A female University of London professor has lost a sex discrimination case against her employer after it was found that her male colleagues’ bonus payments were retention fees, despite her claim that the university’s genuine material factor defence was tainted.
The claimant was appointed to the university in 1996 and claimed that six male professors had been advantaged in terms of pay over her. Only two remained by the time of the tribunal.
The claimant argued that her pay was significantly less in total than that of the male professors, which the tribunal found to be so, attributing it to three main factors: difference in starting salary, difference in annual increments, and bonus payments made to the professors to retain their services.
The employment tribunal found that the bonuses had been paid for wholly genuine reasons, and due to the fact that the claimant had never knowingly been approached by another institution, a similar retention payment had not been offered to her.
The tribunal also decided that the genuine material factor defence put forward under the Equal Pay Act 1970 made out that the differences in pay were unrelated to sex. The claimant appealed.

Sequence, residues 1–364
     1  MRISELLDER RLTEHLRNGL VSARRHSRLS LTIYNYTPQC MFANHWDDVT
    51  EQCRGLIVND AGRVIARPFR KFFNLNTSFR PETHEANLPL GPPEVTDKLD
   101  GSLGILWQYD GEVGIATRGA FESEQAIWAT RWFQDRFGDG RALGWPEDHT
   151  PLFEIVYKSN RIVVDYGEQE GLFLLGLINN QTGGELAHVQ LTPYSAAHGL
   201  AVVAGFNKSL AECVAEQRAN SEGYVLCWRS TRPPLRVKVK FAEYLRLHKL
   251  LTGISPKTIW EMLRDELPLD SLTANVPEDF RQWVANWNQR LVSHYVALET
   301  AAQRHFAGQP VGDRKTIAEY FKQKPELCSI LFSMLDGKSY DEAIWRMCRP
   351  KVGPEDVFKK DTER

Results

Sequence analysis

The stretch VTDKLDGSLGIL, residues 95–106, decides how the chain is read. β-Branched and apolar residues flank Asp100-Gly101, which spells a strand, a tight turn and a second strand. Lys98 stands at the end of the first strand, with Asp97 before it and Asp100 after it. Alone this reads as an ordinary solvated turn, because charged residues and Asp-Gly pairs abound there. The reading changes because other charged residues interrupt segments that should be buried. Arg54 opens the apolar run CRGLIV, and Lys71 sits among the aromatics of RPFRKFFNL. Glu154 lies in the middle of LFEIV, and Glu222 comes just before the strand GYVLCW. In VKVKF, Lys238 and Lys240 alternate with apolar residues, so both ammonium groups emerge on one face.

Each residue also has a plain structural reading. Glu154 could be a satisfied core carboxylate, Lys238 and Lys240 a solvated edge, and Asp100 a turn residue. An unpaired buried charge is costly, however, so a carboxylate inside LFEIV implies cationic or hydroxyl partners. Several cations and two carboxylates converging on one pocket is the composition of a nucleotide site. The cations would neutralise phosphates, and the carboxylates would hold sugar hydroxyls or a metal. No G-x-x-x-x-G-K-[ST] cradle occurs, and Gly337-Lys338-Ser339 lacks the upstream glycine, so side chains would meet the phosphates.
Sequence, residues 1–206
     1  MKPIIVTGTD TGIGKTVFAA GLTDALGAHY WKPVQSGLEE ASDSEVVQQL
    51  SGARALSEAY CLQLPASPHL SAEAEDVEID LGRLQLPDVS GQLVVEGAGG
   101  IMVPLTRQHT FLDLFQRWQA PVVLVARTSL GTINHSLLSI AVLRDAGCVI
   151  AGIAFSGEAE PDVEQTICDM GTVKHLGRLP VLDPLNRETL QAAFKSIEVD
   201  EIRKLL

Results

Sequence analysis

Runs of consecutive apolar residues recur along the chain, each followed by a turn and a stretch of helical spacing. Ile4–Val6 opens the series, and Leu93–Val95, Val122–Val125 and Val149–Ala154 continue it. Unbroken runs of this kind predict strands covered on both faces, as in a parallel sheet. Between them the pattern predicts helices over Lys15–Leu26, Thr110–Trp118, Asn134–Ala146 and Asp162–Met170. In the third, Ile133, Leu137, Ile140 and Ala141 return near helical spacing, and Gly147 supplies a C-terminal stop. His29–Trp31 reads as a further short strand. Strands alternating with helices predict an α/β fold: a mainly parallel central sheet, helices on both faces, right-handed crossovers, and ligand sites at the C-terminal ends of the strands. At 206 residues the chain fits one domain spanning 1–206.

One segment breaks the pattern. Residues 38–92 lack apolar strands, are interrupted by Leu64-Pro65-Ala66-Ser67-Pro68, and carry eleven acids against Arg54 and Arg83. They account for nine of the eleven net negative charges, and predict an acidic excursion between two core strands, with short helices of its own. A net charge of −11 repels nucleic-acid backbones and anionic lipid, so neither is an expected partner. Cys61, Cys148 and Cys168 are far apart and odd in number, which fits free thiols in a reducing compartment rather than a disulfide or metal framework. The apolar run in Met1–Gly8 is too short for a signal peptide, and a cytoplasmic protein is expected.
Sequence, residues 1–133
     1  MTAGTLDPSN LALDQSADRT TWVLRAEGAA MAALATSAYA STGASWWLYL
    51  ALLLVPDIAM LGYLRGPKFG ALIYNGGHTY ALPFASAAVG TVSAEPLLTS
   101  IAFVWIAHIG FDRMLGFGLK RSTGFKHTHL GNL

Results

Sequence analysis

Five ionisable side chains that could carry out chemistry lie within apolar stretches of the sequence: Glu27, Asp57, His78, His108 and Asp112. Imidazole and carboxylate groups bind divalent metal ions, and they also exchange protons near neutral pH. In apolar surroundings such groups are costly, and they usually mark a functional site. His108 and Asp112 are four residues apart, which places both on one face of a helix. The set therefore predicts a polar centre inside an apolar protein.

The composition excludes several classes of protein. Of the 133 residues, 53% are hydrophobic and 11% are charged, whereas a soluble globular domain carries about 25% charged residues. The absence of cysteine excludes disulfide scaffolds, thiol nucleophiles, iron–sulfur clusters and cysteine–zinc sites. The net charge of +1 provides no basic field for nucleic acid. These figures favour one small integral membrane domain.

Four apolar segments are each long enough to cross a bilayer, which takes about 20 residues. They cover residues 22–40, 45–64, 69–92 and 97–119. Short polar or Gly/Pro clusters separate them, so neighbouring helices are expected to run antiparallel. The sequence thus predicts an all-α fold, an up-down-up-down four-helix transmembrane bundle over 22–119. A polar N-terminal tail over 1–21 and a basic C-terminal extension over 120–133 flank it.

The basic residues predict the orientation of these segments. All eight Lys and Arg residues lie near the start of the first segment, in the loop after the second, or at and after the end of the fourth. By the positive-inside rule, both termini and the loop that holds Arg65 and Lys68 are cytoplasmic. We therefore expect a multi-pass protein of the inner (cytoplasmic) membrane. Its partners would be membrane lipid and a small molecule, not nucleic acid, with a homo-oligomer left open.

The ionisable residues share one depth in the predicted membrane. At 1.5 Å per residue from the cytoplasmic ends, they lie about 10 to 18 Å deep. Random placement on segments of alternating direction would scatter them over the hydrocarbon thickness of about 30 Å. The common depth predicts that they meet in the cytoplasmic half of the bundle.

The appeal was dismissed by the Employment Appeal Tribunal despite the claimant’s argument that because men were more likely to be mobile, they were more likely to receive retention payments.
Louise Mason, a senior associate at law firm Hogan Lovells, said: “A complicating factor in the case was that the claimant sought to argue that the genuine material factor was tainted by sex and inherently discriminatory.
“It was argued on behalf of the claimant that men were more likely to be headhunted by other employers and therefore to receive retention payments, as they were more likely to be mobile than women. However, the argument did not progress, since the evidence put forward in support of it was found to be insufficient.”